Comfort and Companionship for Carter

When four-year old Carter Piglowski was admitted to Helen DeVos Children’s Hospital in Grand Rapids, Michigan the family had no idea of what was ahead. 

They were thankful for the Pediatric Oncology Resource Team (PORT) who brought bags of essentials like toiletries, snacks and other items for newly diagnosed patients. Chemo Duck was tucked among the goodies. 

Carter named his newest companion Coocoo Doodles.

“I think Coocoo Doodles really helps Carter not feel so afraid during some of his clinic visits,” said his mom Mandy. “It might sound weird, but he has formed a real bond with his duck. Coocoo Doodles is an example for Carter and gives him a way to express how he feels.”

“Plus he has something that has some of the same things he has and is going through some of the same procedures.”

Carter was diagnosed in September 2015 with Acute Lymphoblastic Leukemia (ALL) and was not accustomed to all the medical personnel and treatments. His mom noticed after being introduced to Chemo Duck, his anxiety lessened.

“Chemo Duck helps kids understand what is going on and makes them feel not so alone in the process,” she said. “When we go to clinic, Coocoo Doodles is accessed first. Carter helps do that and then they access Carter’s port. It’s a real team effort.”

Mandy said Carter loves bringing his Chemo Duck to family functions and showing everyone what happens when he is at clinic or in the hospital.

“He has taught everyone how to clean his tubbies and how they put his medicine in them,” she said.

The family, who lives in Mount Pleasant, Michigan, has a nearly two-hour drive to the hospital where Carter is treated. During the ride, Mandy says she can tell Carter finds comfort in his Chemo Duck.

“I like how it makes Carter feel safe,” she said. “It’s like a security blanket for him when we are going to clinic.”

Chemo Duck Shares the Love

There are so many things patients and families love about Chemo Duck. But this time, we want to want to share the love. 

Here are two groups Chemo Duck loves to quack about: The Cooper Trooper Foundation and The Sarah Grace Foundation.

The Cooper Trooper Foundation (CTF) supports the fight against cancer in two ways – one by raising money to help fund research into pediatric cancer and the other by helping distribute Huggable Hope, the companion to Chemo Duck for siblings of patients going through cancer treatment.

Huggable Hope is part of the Courage Kit created by CTF. The organization sends out hundreds of kits every year to siblings all across the country.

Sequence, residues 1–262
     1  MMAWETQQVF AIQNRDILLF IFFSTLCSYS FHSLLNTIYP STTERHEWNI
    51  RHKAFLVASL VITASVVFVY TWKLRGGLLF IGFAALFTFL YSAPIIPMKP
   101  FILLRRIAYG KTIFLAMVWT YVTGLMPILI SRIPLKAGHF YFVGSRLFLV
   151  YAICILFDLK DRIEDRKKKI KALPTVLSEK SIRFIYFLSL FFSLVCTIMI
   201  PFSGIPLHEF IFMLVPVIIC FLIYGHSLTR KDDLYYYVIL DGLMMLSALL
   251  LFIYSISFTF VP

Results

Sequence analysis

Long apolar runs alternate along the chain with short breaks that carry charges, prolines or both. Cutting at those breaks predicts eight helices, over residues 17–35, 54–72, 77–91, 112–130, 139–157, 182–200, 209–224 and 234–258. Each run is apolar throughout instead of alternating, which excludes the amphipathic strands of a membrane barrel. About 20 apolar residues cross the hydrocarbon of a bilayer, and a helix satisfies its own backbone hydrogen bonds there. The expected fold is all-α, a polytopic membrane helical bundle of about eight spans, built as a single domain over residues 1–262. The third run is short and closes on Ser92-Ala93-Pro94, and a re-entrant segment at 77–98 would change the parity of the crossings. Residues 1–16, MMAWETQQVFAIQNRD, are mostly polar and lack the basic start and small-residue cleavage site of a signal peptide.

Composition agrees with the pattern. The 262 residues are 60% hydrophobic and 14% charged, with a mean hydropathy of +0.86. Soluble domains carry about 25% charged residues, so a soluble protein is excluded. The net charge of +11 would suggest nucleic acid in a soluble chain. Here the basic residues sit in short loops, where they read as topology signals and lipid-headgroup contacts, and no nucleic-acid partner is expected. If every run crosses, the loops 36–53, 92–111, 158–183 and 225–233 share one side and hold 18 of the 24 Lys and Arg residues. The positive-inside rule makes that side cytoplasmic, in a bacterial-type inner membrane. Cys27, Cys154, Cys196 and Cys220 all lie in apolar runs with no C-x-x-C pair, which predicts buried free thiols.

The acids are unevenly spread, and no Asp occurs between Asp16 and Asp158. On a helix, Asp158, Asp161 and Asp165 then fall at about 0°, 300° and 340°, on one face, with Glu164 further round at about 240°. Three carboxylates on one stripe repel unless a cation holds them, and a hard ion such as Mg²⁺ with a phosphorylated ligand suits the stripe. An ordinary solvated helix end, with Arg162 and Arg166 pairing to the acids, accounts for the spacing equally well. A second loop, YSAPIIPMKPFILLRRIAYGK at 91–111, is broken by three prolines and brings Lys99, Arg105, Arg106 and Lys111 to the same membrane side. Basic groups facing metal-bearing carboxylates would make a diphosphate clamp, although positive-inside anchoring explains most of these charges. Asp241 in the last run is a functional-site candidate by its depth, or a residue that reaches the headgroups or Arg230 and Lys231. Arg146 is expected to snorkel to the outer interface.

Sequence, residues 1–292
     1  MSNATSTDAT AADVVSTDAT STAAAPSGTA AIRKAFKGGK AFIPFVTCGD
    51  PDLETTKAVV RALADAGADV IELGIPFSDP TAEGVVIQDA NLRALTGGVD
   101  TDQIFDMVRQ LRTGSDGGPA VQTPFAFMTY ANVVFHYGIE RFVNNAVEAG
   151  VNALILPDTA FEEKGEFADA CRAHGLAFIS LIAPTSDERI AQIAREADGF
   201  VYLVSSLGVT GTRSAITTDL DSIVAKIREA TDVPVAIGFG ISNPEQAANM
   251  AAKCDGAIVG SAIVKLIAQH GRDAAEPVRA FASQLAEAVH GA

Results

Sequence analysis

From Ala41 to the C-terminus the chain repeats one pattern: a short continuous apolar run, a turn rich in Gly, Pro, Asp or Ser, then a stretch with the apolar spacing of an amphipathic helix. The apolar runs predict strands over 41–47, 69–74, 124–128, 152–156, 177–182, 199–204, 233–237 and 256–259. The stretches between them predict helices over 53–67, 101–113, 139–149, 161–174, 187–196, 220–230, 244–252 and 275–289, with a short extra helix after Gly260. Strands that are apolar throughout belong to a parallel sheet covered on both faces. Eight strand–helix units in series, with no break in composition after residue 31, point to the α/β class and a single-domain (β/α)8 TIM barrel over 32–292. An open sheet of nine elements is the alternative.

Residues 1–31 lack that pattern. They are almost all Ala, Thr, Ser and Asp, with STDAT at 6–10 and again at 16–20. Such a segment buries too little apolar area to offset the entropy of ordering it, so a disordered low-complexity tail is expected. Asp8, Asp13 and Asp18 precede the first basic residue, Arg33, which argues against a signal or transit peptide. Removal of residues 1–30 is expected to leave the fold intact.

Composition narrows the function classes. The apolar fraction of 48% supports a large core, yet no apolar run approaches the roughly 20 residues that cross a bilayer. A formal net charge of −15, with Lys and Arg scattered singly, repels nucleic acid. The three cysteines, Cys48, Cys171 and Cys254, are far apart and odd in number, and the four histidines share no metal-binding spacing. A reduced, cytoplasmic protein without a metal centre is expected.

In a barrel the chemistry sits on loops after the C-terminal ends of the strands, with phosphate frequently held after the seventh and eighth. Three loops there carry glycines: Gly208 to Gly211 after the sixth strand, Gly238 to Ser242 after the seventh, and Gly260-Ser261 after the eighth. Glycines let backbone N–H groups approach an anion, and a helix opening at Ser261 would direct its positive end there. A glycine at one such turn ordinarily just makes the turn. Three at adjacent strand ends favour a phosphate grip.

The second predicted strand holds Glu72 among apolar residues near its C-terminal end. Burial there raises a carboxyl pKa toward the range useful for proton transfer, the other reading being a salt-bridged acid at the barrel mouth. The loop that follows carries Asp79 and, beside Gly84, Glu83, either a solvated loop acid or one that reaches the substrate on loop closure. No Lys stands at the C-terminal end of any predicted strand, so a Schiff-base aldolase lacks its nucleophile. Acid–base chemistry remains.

“It’s hard to balance giving them the attention they need when you are caring for a sick child,” said Missy Cook, founder of CTF. “They are unintentionally left out. They are the heroes in the shadows and this was a small way to let brothers and sisters know they are very much a part of the fight.

“Our kit is intended to support siblings, celebrate them and encourage them.”

Cook, whose youngest child will be cancer free for six years, knows first-hand the need for sibling interaction. Her two older children were inspiration for the kits.

CTF compliments the work that Lu Sipos, founder of Chemo Duck, strives to achieve.

“We are not able to serve any of the siblings through our program,” said Sipos. “We absolutely love partnering with Cooper’s Troopers because they are doing all the same things we are focused on, but with the sibling in mind. They are a wonderful resource and we love their mission.”

Sipos says she was one lucky duck to learn about the Sarah Grace Foundation, which helps children and their families during the challenge that childhood cancer brings.

For the past five years, the foundation has sponsored Chemo Ducks for about eight hospitals in the New York region. 

“When our daughter was sick, we did not have something like Chemo Duck,” said Matthew Weippert, founder of the foundation. “We were so intrigued by the application of the program. We fell in love with how patients connected to it and how well it taught and explained treatment procedures to them. We love how children can personalize it too.”

For Sipos the foundation’s commitment to distribute chemo ducks is not the only reason she admires the organization.

“They also advocate for bereaved parents,” said Sipos. “I feel so strongly about that part of their mission. There are just so many pieces of the puzzle when dealing with families living with childhood cancer. This is a journey with many layers and I am happy to be associated with them.”